2 de mayo de 2017

Entrevista a Jaime Valero. en inglés

The Artist's Gaze: Jaime Valero

What compels you to the specific women you choose to paint?

Since most of my pieces are somehow “portraits”, at first, what I look for in the model is that particular face that better fits in the project I am working on. I think the right face, will definitely change the whole concept of the painting.

Latter on, it is equally important the way she connects with me during the photo shooting. That is the moment when I need her to feel comfortable and show herself natural and spontaneous in the pictures. If this connection does not flow the images will not suggest the idea I am looking for.

When do you know you have made a significant connection to your subject and what does that feel or look like from your perspective?

I perfectly know while I am taking the pictures. I can immediately see if they look like I expected, if she is feeling comfortable and if that is reflecting on the images. Both, faces and poses will change dramatically if this connection happens. When you get this during the shooting, everything comes out easy and intense.

Tell us about a strong reaction you have received to your work and the impact you sense it has made on the subject, viewer or the greater cultural landscape.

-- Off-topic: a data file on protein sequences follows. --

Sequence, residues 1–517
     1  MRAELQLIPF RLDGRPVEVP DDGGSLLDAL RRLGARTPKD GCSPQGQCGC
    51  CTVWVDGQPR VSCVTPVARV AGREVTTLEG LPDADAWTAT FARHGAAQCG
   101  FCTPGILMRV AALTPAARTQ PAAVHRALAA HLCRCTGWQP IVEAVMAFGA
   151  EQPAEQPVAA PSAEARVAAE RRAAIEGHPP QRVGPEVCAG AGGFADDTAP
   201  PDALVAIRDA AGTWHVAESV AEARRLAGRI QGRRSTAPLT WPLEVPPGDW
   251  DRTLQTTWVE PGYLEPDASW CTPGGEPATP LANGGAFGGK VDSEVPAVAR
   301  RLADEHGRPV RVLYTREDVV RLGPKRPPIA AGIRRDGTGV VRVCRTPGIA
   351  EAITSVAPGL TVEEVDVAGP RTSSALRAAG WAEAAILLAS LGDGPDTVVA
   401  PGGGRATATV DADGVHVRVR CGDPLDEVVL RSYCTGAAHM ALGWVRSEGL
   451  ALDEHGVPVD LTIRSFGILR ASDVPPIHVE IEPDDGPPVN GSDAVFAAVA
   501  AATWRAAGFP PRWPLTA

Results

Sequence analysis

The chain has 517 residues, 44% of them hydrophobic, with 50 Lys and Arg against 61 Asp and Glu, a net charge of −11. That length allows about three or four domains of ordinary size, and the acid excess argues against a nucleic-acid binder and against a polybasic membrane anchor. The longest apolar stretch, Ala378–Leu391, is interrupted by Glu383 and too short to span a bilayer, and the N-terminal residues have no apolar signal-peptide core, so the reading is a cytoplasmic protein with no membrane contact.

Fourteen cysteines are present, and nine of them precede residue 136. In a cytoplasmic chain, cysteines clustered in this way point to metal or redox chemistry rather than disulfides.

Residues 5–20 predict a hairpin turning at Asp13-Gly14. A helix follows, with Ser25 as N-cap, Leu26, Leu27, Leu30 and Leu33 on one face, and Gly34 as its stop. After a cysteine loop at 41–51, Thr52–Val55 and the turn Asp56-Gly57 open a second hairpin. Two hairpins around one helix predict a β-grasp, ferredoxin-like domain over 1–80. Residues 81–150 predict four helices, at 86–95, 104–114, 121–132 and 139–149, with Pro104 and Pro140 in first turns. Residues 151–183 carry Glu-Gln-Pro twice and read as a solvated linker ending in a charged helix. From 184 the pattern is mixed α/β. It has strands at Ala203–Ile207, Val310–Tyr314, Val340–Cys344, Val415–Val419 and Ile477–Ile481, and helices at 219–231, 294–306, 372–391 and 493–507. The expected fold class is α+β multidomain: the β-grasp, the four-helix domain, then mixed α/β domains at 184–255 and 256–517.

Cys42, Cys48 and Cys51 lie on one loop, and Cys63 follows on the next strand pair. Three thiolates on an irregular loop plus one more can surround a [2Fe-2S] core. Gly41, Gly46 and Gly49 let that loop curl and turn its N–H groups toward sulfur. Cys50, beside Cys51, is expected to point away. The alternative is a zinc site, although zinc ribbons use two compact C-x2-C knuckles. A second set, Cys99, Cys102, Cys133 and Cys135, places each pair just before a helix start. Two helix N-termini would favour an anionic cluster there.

When I got the BMW Painting Prize in 2003 I read about the way the jury had felt the anguish and suffer in the woman on the water of my piece. They even commented on the similarities to the classic “Ofelia” by Millet, drowning in the water. But when I painted that piece I could feel the model´s peacefulness. She actually posed so well that I could get that sense of quietness and the way she connected with what I wanted. To me it was a magic moment of connection between the model and the environment, the water. But obviously the viewers got a very different message from the piece.



web de Jaime Valero

Water, Light and Movement # 3 / Agua, Luz y Movimiento # 3

Vídeo comentado de este tercer Retrato de Gran Formato,
con especial atención a la primera mancha. Retrato Número 5, Óleo sobre tabla, 118x144 cm.